I am disappointed by what happened, but having witnessed the lies, misstatements, and underhanded machinations of our political class for years, I am prepared to see the conduct of Gillian Triggs in context.

While two wrongs can never make a right, politicians have cracked, or made serious missteps under far less, or even no, political pressure than Australia’s Human Rights Commissioner, and they usually manage to salvage their political careers.

Gillian Triggs has been under unrelenting siege by the Coalition government over daring to call out Australia’s human rights abuses, and it is my firm view, based on her past conduct, that she is a genuinely good person, and still the right person for the job. The extent to which she had gotten under the skin of the Coalition government, as demonstrated by their relentless hunt for her resignation, only supports that view.

A bad system will beat a good person every time.
W. Edwards Deming

And let’s be honest: Gillian Triggs didn’t ‘politicise’ civil and human rights. It was successive Australian governments who had done that by their approach towards indigenous Australians, asylum seekers, the LGBTI community, and countless other vulnerable groups.

Successive Coalition governments, and Labor as well, revelled in consciously and intentionally turning issues of civil rights, human rights and social justice into calculated and underhanded vote-harvesting political football games, and a never-ending series of public circus performances, from the conditions of our Aboriginal communities, to boat people, and the civil marriage equality of the LGBTI community, just to mention a few.

Our governments have treated a plethora of civil rights, human rights and social justice issues with utter contempt, subjected them to partisan political agendas, and turned them into tools of cheap political point-scoring.

Related stories:
Mabo – a lesson in cultural and political hyperbole and hysteria (31 August 2015)
#The great gay plebiscite and referendum confusion of 2015 (14 August 2015)

For Christopher Pyne, and the Coalition generally, to now complain about someone else ‘politicising’ human rights in Australia is an appalling display of cynicism and gall.

The latest shocking assessment of our offshore processing centres for asylum seekers by Amnesty International had led to the government going on the defensive again, and to lash out like a wounded wild beast – sadly, childish tantrums by government minister, targeting the messengers, will not bring and end to our human rights violations or national moral turpitude, nor will they restore our international reputation.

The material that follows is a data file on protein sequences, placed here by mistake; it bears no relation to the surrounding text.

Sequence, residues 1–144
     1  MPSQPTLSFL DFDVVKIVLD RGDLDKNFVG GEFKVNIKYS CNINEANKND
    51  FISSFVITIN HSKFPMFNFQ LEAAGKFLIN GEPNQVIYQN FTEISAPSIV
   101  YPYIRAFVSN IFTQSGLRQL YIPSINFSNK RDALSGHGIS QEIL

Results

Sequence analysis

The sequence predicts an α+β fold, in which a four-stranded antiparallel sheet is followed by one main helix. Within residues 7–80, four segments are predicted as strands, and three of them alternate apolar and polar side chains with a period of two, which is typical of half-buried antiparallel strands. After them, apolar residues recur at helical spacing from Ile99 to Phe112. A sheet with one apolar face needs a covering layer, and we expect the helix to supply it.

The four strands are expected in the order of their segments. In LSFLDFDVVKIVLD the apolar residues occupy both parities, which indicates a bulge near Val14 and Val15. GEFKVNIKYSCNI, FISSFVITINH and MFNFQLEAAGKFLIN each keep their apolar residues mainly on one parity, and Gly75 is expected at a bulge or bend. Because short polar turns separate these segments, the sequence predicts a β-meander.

Related stories:
Our national asylum seekers shame rolls on unabated (18 April 2016)
Children in detention (9 February 2016)
Dutton – just keeps digging that proverbial hole (30 October 2015)
Sack Dutton now! (18 October 2015)
‘Worst refugee crisis since World War II’ (19 June 2015)
When the ends justify the means … (16 June 2015)

Sadly, we appear to have entered the age of ‘post-truth politics’, where bluster, feelings, and opinions had become ‘facts,’ while facts, humanity, and the principles of our liberal, secular democracy, including the rule of law, had become mere inconveniences to be blissfully ignored, or dismissed as ‘conspiracies,’ at will if they fail to support the prevailing, partisan political agenda.

People like Gillian Triggs, and myself, have long been derogatorily described by conservative pundits and ‘SJWs’ – social justice warriors, a reference to people who fight for causes considered ‘politically correct,’ or ‘socially progressive,’ such as the rights of indigenous Australians, asylum seekers, LGBTI people, women, disabled people, etc.

I wear that designation with pride, and it seems to me so does Gillian Triggs, but I am also saddened to live in an age when standing up for such causes is met with a newfound derision.

Thankfully, the Coalition’s latest attempts to force Gillian Triggs’ resignation are likely to be derailed by their latest self-inflicted political scandal, the resignation of the Solicitor-General, Justin Gleeson SC, under unprecedented circumstances, which yet again brought Attorney-General George Brandis QC’s modus operandi into serious question.

Attorney-General George Brandis QC, who valiantly declared, on the Parliamentary record, that people ‘have a right to be bigots’.

People do have a right to be bigots, you know. In a free country, people do have rights to say things that other people find offensive, insulting or bigoted.
Attorney-General George Brandis, Australian Senate Hansard (24 March 2014 at 14:16)

There you have it: the First Law Officer of the nation stands loud and proud in defence of … bigotry – not so much for civil and human rights.

This all brings me to another poignant query cum observation: why did unsavoury episodes of extreme, right-wing racism over the last couple of decades had largely coincided with Coalition governments?